Governor David Beasley on Education
South Carolina is on the verge of taking a giant leap forward, thanks to a renewed focus on educational policy during this leglislative session. History will show that 1996 was truly a banner year for South Carolina school children.
From the youngest learners to those seeking higher education, students at every level will soon experience the sweeping changes we're about to set into motion.
Based on funding alone, this FY 1996-97 budget offers the single largest boost of education dollars since the Education Improvement Act was passed in 1984.
We've taken a whole series of bold steps forward to change the face of education as we know it in South Carolina - from the creation of a college scholarship program to a new funding for school repairs, from kindergarten for our most disadvantaged five-year-olds to long-overdue accountability in our colleges and universities.
Topping the list is the states first-ever scholarship program, funded by the Children's Education Endowment that I proposed during my State of the State address.
Too many times, we've had to sit back and watch our brightest students carry their talents and ideas across state lines. But armed with valuable scholarship dollars, we'll have the tools to keep more of our college-bound students in South Carolina where we need them most.
For those students still studying within our public schools, we'll tap into that same pool of funds to provide them with safer and more stable places of learning.
One of the state's basic responsibilities is to hammer away at the critical renovation and construction needs of our schools. We cannot, in good conscience, ask children to learn and teachers to teach in schools that are falling apart, so we'll use the Children's Education Endowment Fund to meet those needs head-on.
strengthen the four walls of our school buildings, we'll also start plotting a course for the Information Superhighway through every South Carolina classroom.
The first phase of a ground-breaking new technology plan was approved, so we can begin to equip every school with computers and state-of-the-art interactive technology.
It won't be long before every South Carolina student will have access to the most innovative programs, the most exceptional teachers and the fiber optic and satellite technology.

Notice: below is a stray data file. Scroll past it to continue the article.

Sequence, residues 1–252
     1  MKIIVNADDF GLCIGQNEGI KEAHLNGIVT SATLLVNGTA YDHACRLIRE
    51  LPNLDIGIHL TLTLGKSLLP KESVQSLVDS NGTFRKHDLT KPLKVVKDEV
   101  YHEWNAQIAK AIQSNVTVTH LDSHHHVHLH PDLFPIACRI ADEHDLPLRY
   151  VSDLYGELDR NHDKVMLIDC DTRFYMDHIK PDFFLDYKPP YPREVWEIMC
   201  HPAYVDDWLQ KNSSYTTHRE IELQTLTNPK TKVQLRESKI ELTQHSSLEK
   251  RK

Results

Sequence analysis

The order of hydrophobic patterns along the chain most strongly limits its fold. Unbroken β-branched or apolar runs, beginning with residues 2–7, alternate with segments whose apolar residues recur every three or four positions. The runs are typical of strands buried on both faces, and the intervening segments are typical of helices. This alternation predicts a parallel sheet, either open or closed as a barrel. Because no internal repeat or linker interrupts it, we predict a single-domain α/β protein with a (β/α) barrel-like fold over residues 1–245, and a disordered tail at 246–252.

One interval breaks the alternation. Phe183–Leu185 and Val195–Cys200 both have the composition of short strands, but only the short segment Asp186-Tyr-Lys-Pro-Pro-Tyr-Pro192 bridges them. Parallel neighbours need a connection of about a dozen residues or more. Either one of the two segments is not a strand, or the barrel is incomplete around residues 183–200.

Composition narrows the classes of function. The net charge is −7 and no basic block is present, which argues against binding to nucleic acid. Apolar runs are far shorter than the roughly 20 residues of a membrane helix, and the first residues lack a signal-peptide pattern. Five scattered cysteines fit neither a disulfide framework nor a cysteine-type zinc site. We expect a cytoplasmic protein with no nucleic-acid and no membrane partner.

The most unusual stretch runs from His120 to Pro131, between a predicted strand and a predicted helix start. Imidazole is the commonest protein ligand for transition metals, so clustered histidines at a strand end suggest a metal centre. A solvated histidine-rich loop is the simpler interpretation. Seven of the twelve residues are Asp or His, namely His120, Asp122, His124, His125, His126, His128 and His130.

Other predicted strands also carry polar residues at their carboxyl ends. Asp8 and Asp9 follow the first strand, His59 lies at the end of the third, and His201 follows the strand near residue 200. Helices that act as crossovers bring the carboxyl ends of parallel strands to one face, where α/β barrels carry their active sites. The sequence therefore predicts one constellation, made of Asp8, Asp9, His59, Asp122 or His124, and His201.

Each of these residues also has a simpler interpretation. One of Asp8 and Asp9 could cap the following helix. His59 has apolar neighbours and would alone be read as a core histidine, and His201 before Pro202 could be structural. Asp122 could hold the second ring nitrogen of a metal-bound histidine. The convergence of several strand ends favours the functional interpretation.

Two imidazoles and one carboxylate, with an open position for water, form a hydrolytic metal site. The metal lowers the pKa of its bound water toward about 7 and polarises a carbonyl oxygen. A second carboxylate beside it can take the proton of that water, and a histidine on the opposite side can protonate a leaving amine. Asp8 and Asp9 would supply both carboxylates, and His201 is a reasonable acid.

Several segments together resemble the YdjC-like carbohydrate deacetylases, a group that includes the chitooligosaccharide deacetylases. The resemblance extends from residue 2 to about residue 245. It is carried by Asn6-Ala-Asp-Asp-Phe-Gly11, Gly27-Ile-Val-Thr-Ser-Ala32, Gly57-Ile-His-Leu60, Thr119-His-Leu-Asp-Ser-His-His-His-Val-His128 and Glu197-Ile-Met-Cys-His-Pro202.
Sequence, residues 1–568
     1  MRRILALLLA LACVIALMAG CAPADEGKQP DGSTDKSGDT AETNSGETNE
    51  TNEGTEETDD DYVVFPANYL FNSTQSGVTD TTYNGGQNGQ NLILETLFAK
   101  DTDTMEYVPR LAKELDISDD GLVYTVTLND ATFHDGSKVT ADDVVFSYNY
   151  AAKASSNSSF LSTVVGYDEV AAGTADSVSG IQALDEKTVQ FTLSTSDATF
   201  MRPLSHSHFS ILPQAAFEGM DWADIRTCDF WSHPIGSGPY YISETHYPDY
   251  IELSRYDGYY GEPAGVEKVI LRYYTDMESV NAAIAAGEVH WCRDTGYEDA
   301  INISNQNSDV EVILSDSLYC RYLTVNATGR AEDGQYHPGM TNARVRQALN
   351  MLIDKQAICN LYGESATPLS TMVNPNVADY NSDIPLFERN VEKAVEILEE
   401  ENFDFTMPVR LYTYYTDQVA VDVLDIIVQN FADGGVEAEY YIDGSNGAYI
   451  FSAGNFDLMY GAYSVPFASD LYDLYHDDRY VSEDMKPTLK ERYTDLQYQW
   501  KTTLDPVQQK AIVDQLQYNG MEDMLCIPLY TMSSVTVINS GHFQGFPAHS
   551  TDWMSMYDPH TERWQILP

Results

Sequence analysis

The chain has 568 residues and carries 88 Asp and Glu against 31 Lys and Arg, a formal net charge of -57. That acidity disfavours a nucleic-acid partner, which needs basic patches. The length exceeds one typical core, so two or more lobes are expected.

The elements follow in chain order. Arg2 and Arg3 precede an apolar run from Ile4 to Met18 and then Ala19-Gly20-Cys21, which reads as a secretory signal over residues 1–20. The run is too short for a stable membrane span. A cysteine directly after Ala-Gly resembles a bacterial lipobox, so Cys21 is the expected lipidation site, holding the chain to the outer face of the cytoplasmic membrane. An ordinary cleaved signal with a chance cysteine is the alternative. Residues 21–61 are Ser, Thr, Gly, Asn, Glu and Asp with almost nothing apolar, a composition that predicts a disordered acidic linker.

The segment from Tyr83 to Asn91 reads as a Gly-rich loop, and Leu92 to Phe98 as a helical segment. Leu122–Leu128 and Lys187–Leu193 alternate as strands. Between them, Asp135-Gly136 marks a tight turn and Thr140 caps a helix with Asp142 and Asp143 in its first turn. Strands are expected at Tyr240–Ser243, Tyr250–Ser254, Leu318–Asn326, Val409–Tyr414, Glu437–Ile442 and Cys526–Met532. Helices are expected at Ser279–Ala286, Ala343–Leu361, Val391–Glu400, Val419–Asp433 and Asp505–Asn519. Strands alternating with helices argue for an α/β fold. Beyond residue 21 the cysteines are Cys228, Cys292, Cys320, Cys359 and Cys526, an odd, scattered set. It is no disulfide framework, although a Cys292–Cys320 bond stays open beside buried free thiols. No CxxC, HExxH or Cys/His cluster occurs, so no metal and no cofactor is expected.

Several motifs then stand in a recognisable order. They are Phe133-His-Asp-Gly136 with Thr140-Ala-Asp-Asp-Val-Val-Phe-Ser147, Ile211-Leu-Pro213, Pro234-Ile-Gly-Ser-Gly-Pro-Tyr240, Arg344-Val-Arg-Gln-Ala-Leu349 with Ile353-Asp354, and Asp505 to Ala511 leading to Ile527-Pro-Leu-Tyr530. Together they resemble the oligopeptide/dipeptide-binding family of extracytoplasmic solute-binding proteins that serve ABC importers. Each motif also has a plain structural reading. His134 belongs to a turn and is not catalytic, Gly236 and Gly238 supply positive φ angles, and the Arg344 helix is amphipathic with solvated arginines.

Those doors won't be open to just the wealthiest school districts, but to all school children no matter where they live or what resources they've had in the past.
We're putting our school children on more equal footing for the future, so they all stand better prepared for 21st century challenges heading their way.
Some of our youngest students will get an even earlier crack at learning for the 21st century thanks to a compromise on full-day kindergarten. The General Assembly delivered a plan that I can stand behind, one pinpointed for disadvantaged children most in need of this extra helping hand.
We're also creating even greater avenues for students already at the head of the class by expanding both the Governor's School for Arts and the Governor's School for Science and Math.
In our colleges and universities, we're now going to base funding on how well students perform, not on how many seats are filled.
In the midst of all this monumental change, good teachers will continue to be the central link between policy and products. That's why we're raising teacher salaries to the Southeast average.
One fact of life and learning will always remain constant: A child's first and primary teacher is in the home.
The most important lessons are learned around family dinner tables, at a child's bedside, in the arms of a nurturing parent.
Family lays the groundwork for a life of value and meaning. Formal education simply serves as the mortar to build on that foundation.
And the incredible line-up of innovations delivered this year will give us the building blocks to grow higher and stronger than ever before.
Our future depends on giving children our best solutions, our most creative ideas, our most visionary plans so that we're getting the best out of South Carolina's children and our education dollars.
The progress of the 1996 legislative session, and it's vision for South Carolina's rising generation, show that we are well on our way to doing just that.
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